I haven’t said much about India or how I’m doing. Well, for the first time, I’m homesick. Not just for Nevada or for America, but for the people in my life. I miss my family and my friends, and although it’s been less than two months, it feels like it’s been a year. India is so amazing and there’s so much to see in Pune, but something feels out of place, and it’s me. I know it’s going to take me a while to adjust, but it’s one of the hardest things I’ve ever done. I think what I didn’t realize about taking this year in India, was that it’s not just going to be me learning about a new country and a new culture – I’m learning so much about my self and I know that I’m growing along the way. Let’s just say that a comfort zone is a beautiful place, but nothing ever grows there. Well.. I’m uncomfortable as hell and I think it’s okay to admit that.

It may be that the environment I perceive around me is an echo of what I feel within (or equally, perhaps, the reverse might be true.) I came in to this with some serious personal baggage which has been my focus since I graduated.  It feels like my brain is constantly thinking and fighting and contradicting itself just like the place that I’m living. Seven months ago my life was completely different. My plan was different and my sights were set much closer to home. Now I’m actually living what I’ve been dreaming of and it’s hard.

This isn’t a vacation, I don’t know if I’d even define this as traveling. I’m not staying in hostels and frolicking and deciding all the sights I want to see, I’m living a real life. I’m integrating into an Indian family and learning a language and working at a job that I’m completely clueless in. How do you teach 8th grade kids who at 3rd grade reading and writing levels when you don’t know the first thing about teaching? I’m living in a hugely polluted and crowded city filled with insane traffic, slums and beggars I’m told to just ‘ignore’, stray animals everywhere that break my heart, and all these things that simply make no sense to me. It’s frustrating. And I feel like there’s so little that I can do to change anything. I have to remember that I’m not here to fix anything or change anything, I’m here to observe and to learn. It’s a hard mindset to keep.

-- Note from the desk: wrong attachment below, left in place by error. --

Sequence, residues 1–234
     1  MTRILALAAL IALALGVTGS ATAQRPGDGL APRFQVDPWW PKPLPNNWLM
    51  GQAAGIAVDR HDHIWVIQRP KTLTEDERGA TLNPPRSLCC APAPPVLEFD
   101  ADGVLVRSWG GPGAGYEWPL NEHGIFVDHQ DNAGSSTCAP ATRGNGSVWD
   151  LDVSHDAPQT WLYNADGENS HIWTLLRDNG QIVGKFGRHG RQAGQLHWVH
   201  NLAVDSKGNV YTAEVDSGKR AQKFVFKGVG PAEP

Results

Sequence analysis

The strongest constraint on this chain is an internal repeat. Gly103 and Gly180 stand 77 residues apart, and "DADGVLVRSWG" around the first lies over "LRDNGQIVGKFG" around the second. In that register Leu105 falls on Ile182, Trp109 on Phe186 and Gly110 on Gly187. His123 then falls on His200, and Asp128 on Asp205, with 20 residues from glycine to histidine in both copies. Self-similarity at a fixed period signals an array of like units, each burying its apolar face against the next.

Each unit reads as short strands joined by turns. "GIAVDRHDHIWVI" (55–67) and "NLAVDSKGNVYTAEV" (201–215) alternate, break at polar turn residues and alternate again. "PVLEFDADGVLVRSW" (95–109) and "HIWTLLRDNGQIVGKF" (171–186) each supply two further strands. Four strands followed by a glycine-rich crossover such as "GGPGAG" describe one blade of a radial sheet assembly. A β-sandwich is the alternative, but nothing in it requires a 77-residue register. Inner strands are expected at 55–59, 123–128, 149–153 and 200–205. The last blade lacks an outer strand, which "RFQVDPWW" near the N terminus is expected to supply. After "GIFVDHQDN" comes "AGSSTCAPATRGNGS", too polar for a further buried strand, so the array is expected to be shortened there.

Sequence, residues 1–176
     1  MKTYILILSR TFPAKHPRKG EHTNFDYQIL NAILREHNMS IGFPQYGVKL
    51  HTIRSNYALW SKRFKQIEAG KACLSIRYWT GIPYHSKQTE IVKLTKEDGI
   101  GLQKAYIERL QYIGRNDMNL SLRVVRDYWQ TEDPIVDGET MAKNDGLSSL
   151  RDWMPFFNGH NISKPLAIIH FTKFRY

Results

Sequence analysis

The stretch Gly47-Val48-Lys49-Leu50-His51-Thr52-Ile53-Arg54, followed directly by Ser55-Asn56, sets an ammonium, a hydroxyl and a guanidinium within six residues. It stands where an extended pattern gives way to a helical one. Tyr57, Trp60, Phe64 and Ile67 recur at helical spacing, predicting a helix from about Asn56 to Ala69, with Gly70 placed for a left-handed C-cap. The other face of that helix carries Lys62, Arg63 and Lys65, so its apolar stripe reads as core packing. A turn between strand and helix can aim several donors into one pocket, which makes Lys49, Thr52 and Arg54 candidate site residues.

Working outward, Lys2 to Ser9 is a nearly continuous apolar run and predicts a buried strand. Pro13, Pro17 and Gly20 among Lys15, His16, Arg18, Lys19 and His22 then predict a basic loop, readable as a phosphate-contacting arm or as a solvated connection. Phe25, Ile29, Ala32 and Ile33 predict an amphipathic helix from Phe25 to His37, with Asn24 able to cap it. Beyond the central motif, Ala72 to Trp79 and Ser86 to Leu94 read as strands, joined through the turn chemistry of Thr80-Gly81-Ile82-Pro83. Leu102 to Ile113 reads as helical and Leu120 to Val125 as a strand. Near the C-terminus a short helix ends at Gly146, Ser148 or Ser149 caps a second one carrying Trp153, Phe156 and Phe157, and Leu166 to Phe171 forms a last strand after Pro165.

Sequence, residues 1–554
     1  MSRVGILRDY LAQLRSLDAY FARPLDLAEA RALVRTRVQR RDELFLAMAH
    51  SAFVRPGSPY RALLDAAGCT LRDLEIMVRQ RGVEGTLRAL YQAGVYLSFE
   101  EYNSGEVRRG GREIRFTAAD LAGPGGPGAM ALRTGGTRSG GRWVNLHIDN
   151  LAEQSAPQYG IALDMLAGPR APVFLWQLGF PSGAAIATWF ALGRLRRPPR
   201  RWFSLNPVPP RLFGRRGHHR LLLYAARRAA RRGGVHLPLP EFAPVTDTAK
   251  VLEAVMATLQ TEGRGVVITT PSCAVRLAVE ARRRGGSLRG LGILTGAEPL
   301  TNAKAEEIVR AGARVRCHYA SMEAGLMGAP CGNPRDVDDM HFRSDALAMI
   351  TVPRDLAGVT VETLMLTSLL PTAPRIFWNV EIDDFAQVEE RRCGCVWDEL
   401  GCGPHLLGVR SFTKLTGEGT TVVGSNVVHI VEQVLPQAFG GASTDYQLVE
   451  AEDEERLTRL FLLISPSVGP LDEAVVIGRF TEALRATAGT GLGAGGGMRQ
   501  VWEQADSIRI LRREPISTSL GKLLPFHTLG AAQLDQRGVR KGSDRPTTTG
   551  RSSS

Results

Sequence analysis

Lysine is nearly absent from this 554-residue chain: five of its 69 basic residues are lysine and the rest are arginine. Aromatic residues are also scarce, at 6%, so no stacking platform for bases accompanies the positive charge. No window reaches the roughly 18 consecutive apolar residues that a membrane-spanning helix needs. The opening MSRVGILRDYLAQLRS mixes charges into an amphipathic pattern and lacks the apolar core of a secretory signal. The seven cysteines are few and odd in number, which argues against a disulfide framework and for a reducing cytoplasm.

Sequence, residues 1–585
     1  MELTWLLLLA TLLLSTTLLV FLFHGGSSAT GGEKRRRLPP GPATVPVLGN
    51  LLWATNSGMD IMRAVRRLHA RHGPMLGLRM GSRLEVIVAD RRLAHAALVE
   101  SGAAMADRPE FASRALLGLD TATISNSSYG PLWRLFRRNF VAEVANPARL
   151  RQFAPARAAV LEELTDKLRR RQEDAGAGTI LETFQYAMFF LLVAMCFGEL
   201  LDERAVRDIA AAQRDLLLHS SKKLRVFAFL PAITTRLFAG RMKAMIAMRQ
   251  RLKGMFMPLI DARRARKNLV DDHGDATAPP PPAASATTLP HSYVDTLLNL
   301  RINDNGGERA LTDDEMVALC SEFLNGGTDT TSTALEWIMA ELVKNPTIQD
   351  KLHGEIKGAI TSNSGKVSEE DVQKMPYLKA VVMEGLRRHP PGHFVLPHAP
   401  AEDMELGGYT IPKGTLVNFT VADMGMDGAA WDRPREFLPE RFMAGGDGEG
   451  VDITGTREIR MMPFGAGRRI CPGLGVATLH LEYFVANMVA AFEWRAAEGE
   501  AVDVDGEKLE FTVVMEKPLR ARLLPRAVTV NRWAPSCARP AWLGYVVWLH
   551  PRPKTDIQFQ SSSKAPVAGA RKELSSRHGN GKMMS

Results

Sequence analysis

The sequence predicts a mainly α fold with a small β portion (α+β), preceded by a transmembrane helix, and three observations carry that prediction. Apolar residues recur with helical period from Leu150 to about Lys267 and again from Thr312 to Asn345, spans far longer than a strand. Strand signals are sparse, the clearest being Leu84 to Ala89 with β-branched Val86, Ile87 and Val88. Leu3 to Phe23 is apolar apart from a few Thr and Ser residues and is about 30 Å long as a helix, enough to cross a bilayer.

I didn’t think I had a stretch zone. I didn’t think that I could ever be homesick. Hearing from previous Global Citizen Year fellows who had trouble had no immediate effect on me. In fact now I realize I think I judged them a little – in my dads words, I ‘basically thought they were sissies’. But now, I get it. All of the things that they were talking about are tangible now.

Last year I went to Finland I did not want to come back. Not once did I miss my family. I came back loving socialism and Scandinavia and hating America. I thought ‘I want to travel every second of my life!’ Now I miss the United States so much and I’m really starting to realize what a life I have at home, how different we live from the rest of the world and how lucky we are to live as so. I cry when I talk to my parents on the phone. I got sick all last week with a terrible fever and I honestly hoped I might get sick enough to get sent home.

But I’m okay. I’m not okay and I’m okay and I’m getting better and everything’s hard but it’s good. I am going to enjoy this hard year, this great year of growth, I am going to make it a good year. Wish me luck, wish me positivity more than anything. I feel good right now. I feel honest. This is going to be an honest year in a lot of ways. I can feel it.

2 thoughts on “How are you?

  1. So glad you shared your perspective! So well written and honest. It can be extremely disorienting navigating new environments, but as you know, it will be of great benefit to you in later life. Love you and thinking of you!

    Like

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